After the Bombings
As London deals with the aftermath of Thursday's deadly explosions, here's what travelers need to know:
* As CoGo went to press Thursday, the U.S. Embassy in London was advising American citizens to defer all nonessential travel to the London area until further notice, although the U.S. State Department had issued no announcement or travel warning regarding the United Kingdom. For the latest information: 888-407-4747 or www.travel.state.gov. Earlier Thursday, London tourism officials were urging visitors not to cancel their plans, and anecdotal information from tour operators indicates most are still going. Scott Nisbet, vice president of marketing for the Globus Family of Brands, an umbrella organization for five major tour companies, said it has thousands of U.S. travelers in London at any given moment. "We're not getting a big wave of cancellations," Nisbet said. "It's similar to the reaction we got after the Madrid bombings. We're getting just a handful of cancellations."
* At press time, mainline train service had been restored, the Heathrow Express from the airport to London was running, bus service had been partially restored, and air service remained uninterrupted. Underground service is likely to be limited, especially to the affected stations, for some time. For the latest transit reports: Transport for London, 011-44-20-7222-1234, www.transportforlondon.gov.uk. For air travel: BAA (the British airports authority), www.baa.co.uk.
* London theaters went dark Thursday after police advised that people not travel into central London. Museums remained open. For the latest theater news: London Theatre Guide, 011-44-20-7557-6700, www.officiallondontheatre.co.uk. For general tourism information: Visit London, www.visitlondon.com.
* After 9/11, many travelers found themselves forced to travel or lose their money, but most travel insurance policies now cover terrorism. If you purchased insurance and your travel plans include London, chances are you're covered if you're too frightened to travel or you want to come home early. Dan McGinnity, vice president of Travel Guard, said most of its policies will reimburse travelers if they are going to London within 30 days of the attacks, and will also pay for them to come home early.
Miles for Soldiers
Seven U.S. airlines are allowing frequent fliers to donate their miles so that troops injured in Iraq or Afghanistan can be visited by family members.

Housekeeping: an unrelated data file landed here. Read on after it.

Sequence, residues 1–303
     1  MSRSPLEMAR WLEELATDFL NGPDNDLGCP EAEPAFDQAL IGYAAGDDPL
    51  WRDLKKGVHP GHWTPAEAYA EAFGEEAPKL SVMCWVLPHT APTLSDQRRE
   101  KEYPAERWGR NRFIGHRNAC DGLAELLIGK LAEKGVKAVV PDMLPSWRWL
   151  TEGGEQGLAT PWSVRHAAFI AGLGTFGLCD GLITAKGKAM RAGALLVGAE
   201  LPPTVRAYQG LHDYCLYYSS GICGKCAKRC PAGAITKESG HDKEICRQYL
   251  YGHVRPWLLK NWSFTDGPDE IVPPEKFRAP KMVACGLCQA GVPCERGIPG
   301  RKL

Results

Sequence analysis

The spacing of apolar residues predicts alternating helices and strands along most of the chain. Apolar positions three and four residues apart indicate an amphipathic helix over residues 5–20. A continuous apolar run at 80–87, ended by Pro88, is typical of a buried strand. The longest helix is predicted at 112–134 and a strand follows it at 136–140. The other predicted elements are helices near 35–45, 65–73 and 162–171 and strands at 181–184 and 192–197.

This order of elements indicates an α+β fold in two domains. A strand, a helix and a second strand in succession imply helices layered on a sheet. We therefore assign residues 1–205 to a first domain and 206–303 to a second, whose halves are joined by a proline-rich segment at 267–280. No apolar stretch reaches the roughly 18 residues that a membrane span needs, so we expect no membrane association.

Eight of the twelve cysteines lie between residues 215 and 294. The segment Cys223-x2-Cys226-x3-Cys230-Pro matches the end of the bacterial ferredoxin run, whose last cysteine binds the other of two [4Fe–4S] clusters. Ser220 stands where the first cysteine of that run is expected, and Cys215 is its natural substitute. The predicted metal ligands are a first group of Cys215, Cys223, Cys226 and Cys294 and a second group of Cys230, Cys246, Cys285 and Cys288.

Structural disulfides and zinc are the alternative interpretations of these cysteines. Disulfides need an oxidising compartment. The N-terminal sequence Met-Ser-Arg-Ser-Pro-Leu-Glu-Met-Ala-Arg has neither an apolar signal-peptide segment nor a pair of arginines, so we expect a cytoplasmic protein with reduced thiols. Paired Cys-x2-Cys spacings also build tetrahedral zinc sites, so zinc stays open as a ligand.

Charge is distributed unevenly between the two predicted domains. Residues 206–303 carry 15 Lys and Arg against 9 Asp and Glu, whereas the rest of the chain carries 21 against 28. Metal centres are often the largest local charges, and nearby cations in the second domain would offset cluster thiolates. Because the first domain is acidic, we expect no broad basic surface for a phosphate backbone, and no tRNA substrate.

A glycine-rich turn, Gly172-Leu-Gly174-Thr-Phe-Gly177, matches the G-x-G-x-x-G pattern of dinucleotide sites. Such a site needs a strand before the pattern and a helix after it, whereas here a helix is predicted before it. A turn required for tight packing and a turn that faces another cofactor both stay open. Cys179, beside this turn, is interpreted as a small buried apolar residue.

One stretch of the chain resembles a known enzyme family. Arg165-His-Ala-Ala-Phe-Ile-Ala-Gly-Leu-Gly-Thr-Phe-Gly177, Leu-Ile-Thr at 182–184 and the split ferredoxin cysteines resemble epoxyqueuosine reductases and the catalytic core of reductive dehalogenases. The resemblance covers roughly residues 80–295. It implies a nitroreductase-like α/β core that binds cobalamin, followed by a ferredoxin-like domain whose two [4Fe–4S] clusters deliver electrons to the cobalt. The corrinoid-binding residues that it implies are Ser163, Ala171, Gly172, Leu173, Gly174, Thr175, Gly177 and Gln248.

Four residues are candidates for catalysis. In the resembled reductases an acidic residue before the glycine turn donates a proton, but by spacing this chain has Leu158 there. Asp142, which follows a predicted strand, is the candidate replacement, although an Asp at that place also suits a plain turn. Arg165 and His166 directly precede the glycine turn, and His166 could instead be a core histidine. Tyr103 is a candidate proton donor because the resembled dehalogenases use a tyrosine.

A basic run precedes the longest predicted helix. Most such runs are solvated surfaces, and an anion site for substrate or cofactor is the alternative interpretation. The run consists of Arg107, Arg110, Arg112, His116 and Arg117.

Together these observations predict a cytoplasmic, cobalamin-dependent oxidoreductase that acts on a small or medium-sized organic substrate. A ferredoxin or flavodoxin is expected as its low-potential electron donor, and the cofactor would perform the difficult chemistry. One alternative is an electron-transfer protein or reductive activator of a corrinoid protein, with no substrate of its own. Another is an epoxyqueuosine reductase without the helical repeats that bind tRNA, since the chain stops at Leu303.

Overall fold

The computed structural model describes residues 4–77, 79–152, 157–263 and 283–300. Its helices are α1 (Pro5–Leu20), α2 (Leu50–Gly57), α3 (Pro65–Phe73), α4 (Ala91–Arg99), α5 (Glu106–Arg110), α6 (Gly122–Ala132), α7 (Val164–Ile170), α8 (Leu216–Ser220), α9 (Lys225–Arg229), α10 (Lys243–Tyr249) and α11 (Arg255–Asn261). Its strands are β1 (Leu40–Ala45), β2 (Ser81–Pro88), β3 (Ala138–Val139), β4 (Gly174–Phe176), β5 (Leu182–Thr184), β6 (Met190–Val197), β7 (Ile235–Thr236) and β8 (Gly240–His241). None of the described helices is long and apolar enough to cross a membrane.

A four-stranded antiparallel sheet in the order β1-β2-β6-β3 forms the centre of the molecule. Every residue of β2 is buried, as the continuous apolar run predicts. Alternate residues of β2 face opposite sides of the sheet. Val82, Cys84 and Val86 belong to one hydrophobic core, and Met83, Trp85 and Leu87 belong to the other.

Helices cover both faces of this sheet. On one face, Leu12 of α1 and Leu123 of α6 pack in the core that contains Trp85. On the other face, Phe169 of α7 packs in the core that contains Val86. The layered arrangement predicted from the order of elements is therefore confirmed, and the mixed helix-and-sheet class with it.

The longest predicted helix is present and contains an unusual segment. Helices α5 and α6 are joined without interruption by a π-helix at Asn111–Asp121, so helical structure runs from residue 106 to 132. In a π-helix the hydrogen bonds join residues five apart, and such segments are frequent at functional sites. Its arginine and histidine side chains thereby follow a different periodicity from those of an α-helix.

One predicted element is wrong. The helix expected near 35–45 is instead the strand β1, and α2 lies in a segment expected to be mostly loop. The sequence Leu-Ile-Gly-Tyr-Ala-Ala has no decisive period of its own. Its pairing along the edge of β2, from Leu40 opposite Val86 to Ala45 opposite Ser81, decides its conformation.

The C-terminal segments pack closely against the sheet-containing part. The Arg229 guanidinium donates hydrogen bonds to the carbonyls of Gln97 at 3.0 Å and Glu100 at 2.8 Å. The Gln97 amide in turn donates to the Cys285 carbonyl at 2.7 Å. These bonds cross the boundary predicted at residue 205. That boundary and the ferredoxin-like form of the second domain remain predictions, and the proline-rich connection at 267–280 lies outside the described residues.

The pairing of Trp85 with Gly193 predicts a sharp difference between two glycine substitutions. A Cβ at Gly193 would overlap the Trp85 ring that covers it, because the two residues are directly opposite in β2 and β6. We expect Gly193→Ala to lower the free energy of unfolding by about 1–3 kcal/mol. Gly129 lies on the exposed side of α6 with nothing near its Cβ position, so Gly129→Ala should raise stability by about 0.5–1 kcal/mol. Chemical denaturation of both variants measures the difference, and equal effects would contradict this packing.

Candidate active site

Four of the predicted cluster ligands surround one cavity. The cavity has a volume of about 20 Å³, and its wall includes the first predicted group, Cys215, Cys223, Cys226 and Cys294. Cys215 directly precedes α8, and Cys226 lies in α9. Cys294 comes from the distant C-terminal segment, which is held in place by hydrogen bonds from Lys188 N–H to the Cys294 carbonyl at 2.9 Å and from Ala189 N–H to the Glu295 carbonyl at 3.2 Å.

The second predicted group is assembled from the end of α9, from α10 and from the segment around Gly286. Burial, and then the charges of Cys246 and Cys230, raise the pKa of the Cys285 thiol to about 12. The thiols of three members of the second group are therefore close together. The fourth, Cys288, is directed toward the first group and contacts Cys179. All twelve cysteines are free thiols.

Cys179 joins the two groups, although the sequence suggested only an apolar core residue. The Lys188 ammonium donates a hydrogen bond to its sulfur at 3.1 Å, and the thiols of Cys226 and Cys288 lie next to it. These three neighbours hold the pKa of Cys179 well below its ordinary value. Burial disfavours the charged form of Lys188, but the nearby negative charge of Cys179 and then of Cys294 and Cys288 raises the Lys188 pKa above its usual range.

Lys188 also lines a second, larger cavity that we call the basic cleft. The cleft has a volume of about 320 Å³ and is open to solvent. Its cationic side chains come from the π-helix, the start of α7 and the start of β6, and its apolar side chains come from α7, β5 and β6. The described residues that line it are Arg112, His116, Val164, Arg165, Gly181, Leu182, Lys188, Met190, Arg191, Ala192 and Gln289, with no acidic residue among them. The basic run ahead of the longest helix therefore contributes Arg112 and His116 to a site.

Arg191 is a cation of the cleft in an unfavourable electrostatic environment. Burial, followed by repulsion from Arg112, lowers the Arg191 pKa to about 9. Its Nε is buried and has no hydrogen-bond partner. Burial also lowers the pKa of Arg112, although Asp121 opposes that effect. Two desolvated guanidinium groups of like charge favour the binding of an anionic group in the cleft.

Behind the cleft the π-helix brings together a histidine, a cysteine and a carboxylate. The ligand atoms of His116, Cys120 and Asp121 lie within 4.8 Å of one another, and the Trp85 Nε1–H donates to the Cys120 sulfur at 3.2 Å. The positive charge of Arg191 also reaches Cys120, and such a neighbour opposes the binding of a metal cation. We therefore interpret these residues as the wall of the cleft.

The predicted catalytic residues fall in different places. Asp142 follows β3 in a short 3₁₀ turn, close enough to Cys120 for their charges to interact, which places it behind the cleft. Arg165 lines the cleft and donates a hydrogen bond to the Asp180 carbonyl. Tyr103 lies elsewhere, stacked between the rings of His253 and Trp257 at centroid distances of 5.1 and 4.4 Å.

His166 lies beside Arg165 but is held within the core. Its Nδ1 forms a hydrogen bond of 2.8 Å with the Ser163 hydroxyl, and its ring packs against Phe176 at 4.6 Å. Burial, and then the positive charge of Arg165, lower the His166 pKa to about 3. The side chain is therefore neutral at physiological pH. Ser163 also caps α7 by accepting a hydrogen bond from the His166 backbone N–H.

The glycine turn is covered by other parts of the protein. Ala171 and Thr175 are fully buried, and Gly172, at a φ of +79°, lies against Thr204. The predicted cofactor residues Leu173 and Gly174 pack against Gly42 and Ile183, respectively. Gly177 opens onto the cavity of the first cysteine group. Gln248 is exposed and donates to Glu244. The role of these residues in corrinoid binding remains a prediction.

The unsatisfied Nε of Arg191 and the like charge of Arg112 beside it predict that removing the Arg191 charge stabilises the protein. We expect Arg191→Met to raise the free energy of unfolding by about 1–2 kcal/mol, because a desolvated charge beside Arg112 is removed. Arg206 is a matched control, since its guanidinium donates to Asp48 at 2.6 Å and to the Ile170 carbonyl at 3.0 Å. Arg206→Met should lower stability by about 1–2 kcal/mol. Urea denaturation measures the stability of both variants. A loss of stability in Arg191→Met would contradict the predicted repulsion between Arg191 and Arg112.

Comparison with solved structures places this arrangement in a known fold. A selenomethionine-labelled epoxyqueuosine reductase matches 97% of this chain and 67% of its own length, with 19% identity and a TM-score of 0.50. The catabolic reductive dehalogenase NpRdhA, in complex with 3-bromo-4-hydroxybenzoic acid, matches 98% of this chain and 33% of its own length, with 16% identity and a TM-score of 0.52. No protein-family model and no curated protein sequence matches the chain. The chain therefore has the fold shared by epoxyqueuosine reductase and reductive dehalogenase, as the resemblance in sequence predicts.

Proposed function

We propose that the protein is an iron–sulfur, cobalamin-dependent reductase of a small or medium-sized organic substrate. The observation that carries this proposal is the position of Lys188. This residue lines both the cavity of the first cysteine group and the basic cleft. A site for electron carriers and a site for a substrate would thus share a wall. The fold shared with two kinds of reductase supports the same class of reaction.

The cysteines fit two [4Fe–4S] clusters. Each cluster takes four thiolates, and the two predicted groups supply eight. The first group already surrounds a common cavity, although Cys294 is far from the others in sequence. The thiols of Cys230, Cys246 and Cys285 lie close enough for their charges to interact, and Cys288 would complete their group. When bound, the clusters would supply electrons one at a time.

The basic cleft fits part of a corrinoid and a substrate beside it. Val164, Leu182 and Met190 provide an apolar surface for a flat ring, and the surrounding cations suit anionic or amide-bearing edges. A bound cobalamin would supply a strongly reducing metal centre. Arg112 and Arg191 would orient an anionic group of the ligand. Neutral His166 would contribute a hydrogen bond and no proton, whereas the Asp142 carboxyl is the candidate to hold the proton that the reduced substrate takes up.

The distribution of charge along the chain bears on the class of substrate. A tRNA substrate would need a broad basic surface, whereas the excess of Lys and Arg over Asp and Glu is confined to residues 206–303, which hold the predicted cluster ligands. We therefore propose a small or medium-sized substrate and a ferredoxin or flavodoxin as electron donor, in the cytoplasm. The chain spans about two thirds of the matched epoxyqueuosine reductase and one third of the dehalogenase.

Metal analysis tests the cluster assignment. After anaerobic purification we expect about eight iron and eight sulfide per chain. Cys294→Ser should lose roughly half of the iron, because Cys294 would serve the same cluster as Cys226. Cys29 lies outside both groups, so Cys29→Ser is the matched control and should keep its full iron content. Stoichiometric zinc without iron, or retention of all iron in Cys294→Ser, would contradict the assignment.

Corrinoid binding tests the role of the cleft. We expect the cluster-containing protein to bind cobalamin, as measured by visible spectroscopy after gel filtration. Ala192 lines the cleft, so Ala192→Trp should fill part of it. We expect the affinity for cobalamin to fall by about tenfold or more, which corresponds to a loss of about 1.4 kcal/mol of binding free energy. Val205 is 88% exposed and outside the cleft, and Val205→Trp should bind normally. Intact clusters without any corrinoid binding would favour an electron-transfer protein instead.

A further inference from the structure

Pam Lea-Maida of the Fisher House Foundation, which manages Operation Hero Miles in coordination with the military and the airlines, says the program uses 2.5 to 3 million frequent-flier miles a week to obtain tickets that reunite the injured and their families. She said the program is in particular need of America West miles.
You can now get double the bang when donating American Airlines miles: The airline will match each mile you donate between now and Sept. 5, or until it reaches its cap of 17.76 million miles.
Other airlines currently accepting mileage donations that are then passed on to Operation Hero Miles: Northwest, Delta, Alaska, Continental and Air Tran.
US Airways has donated more than 70 million miles to the program, but is not currently accepting more donations from frequent fliers. Independence Air has agreed to make unsold seats available to the foundation. "We hope United will come on board soon," said Lea-Maida. Southwest does not participate.
The military pays for three members of a family to visit a hospitalized soldier. The volunteer program helps additional family members travel.
Each airline has its own procedures for how to donate, and some airlines require a minimum number of miles. Check with your airline, or get the lowdown at www.fisherhouse.org.
BARGAIN OF THE WEEK
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Reporting: Cindy Loose, Carol Sottili.
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